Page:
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Author of Lost America
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Photo Safari: 4,360 Miles in Five Days by Troy Paiva

Troy Paiva
Troy Paiva
is a commercial artist living in the San Francisco Bay Area. For his entire adult life he has been an abandonment explorer and back-roads wanderer, especially at night. Sneaking around in junkyards and dead roadside towns in the middle of the night, he was doing urban exploration years before the term even existed. Troy is the author of the critically-acclaimed Lost America which features over 145 color and black-and-white photographs. On April 27th, 2007, Troy launched a new version of his Lost America Web site with hundreds of evocative photos from around the west.

Day One - Motel Kalifornia

At last, the mega road-trip I've been waiting for. The run begins southbound from my suburban San Francisco Bay Area home on a warm Saturday morning then due east at Bakersfield. Alone, I am chasing the ghosts of the American road, wandering the western highways for as long as I can, covering as many miles as I can. Before I know it, I've driven 975 miles in 14 hours. I don't remember being passed by many cars, but one sticks in my mind. While crossing the straight, flat stretches of eastern Arizona, I see a big white American sedan closing in my mirror, out of the setting sun. It passes at a slow walk, its cruise control on 88 and I see that it's an official New Mexico State vehicle of some sort. The driver wrestles with an unruly newspaper, folding and refolding it, pinching the creases meticulously like he's sitting at the breakfast table. Eventually setting the sports on the steering wheel, he picks up speed and motors away. I press play on Booker T. and the M.G.'s "Melting Pot" again, and the psychedelic organ soul pulses me rhythmically along into the dusk.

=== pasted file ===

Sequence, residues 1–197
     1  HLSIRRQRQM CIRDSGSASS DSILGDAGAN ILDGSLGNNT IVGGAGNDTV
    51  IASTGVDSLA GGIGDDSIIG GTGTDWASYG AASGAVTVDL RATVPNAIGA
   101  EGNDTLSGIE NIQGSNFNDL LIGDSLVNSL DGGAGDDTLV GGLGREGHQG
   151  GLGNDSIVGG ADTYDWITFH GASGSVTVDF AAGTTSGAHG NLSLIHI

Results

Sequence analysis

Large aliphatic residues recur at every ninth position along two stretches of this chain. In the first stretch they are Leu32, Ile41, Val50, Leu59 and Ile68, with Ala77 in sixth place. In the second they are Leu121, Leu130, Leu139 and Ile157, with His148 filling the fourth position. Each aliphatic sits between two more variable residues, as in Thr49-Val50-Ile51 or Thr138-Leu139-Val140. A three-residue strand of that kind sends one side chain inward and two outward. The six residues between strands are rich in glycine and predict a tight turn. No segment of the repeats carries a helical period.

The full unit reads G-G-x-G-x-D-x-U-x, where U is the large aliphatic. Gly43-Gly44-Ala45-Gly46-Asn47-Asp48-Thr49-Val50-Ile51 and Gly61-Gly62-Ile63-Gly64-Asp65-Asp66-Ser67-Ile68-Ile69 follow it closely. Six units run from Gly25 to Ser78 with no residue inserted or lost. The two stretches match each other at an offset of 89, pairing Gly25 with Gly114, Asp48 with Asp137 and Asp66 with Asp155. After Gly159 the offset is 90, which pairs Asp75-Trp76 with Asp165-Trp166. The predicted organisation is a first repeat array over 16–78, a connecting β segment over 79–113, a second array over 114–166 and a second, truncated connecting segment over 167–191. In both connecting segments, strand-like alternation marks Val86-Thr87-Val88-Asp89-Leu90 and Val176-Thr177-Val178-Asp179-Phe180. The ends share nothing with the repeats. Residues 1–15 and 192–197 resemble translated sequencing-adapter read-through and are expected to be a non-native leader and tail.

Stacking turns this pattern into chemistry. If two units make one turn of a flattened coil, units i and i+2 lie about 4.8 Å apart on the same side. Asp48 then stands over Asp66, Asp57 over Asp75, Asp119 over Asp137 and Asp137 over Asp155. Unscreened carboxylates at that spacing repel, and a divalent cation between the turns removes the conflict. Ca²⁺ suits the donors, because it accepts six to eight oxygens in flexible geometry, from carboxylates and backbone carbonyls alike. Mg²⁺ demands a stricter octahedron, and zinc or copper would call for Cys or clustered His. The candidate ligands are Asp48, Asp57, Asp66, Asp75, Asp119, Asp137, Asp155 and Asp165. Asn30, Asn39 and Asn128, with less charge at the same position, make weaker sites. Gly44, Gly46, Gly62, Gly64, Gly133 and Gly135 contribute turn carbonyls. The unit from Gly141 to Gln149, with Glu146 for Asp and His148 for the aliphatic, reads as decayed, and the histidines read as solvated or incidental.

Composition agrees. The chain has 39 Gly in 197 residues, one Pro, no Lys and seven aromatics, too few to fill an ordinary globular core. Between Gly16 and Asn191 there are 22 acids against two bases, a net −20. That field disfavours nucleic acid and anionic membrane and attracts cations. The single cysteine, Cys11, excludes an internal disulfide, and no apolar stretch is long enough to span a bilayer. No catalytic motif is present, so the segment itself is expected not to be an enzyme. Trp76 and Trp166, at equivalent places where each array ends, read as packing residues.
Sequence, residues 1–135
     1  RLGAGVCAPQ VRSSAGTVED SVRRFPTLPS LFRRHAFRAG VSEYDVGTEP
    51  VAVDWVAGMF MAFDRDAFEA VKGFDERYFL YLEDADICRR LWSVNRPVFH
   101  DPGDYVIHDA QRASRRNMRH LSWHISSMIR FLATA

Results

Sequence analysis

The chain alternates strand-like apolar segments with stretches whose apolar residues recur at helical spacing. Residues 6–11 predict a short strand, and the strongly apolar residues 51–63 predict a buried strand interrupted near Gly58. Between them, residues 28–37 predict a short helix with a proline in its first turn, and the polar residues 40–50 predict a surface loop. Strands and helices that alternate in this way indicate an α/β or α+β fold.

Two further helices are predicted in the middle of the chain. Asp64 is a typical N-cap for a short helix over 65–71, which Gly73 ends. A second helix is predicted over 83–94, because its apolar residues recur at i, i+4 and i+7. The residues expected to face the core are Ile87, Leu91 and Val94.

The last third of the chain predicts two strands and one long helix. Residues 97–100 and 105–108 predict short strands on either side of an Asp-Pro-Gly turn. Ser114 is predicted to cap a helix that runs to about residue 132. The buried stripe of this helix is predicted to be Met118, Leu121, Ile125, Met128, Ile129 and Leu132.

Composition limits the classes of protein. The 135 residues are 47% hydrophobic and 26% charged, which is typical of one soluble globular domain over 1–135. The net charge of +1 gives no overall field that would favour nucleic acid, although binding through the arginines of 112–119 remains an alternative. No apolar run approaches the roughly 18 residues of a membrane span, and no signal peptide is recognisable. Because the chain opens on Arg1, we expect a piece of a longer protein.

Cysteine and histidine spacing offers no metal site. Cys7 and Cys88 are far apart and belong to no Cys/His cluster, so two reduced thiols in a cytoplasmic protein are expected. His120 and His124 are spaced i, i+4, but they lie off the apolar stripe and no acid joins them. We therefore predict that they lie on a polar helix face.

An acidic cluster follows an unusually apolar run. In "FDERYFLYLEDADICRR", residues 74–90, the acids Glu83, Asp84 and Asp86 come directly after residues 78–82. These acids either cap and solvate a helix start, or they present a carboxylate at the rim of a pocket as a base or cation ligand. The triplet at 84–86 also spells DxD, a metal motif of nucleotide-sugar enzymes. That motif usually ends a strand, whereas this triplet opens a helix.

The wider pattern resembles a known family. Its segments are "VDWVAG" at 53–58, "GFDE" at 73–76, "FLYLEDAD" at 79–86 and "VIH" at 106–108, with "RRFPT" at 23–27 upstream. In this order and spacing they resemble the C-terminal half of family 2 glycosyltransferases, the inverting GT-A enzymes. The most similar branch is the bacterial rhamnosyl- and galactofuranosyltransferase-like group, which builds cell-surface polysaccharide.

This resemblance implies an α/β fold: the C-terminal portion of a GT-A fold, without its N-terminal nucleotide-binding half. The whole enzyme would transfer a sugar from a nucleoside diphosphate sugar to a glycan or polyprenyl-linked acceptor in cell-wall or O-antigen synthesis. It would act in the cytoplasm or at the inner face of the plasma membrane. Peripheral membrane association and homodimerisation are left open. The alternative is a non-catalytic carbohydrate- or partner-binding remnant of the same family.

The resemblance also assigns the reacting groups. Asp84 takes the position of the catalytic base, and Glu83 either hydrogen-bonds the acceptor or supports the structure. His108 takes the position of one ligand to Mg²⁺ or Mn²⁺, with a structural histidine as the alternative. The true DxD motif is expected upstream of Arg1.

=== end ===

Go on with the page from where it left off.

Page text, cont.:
Roy's Cafe
Troy Paiva
Roy's Cafe in Amboy, California

At least three times a year, I make an epic road trip. Two thousand miles in three days is not at all unusual. When I was a teenager my friends and I would take off in our beater junk cars, storming across the Southwest deserts. Just exploring for the fun of it. Driving in shifts, round the clock, we'd cover thousands of miles in a couple of high-speed days, the vast expanses of desert compressed into scale models. I gladly volunteered for the late-night driving shifts and watched with fascination as countless abandoned buildings and towns unreeled in the windshield. To my friends, it was just an off-the-wall thing to do, but for me, the lure of the desert night began to take on mythical proportions. Once I picked up night photography in the late 1980s, these surreal safaris blossomed into new meaning and purpose. I started to document the decaying American roadside with long time exposures lit by the full moon. It wasn't long before I added colored lighting during the exposure, sculpting the shadows like a stage set (none of this work is digitally manipulated, it's all done "in camera" at the scene). Now I do the trips alone, tossing the sleeping bag and tripods in the back of my crusty Subaru.

The day is a blur of concrete, sage and green Interstate signs with only one short meal stop and a series of quick gas and pee breaks. A long day, but it's a familiar and satisfying pace. I ramble into Gallup long after dark, eyes watering and neck stiff. Both my head and the sky are too cloudy to shoot- so I randomly pick a cheap motel room and pack my gear in for the night. Ironically, tonights' cable movie is Kalifornia. A strange portent for the drive ahead? I fall asleep as Brad Pitt murders the proprietor of Roy's Cafe in Amboy. A few years ago, the current owner of Roy's chased me off with a shotgun as I finished my first exposure of the famous sign.

Day Two - Don't Mess with Texas>

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